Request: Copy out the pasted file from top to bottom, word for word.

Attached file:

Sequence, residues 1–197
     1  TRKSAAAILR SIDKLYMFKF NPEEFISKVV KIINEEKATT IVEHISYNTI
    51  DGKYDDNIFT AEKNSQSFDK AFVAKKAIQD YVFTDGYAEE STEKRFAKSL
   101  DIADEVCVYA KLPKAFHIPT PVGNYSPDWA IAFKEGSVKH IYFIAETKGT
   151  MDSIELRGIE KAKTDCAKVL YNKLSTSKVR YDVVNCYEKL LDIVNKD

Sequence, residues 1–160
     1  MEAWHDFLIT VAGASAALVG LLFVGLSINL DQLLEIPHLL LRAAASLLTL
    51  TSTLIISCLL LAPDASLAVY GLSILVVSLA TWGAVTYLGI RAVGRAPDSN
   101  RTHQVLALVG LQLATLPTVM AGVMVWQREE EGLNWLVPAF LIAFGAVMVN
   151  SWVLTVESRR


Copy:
Sequence, residues 1–197
     1  TRKSAAAILR SIDKLYMFKF NPEEFISKVV KIINEEKATT IVEHISYNTI
    51  DGKYDDNIFT AEKNSQSFDK AFVAKKAIQD YVFTDGYAEE STEKRFAKSL
   101  DIADEVCVYA KLPKAFHIPT PVGNYSPDWA IAFKEGSVKH IYFIAETKGT
   151  MDSIELRGIE KAKTDCAKVL YNKLSTSKVR YDVVNCYEKL LDIVNKD

Sequence, residues 1–160
     1  MEAWHDFLIT VAGASAALVG LLFVGLSINL DQLLEIPHLL LRAAASLLTL
    51  TSTLIISCLL LAPDASLAVY GLSILVVSLA TWGAVTYLGI RAVGRAPDSN
   101  RTHQVLALVG LQLATLPTVM AGVMVWQREE EGLNWLVPAF LIAFGAVMVN
   151  SWVLTVESRR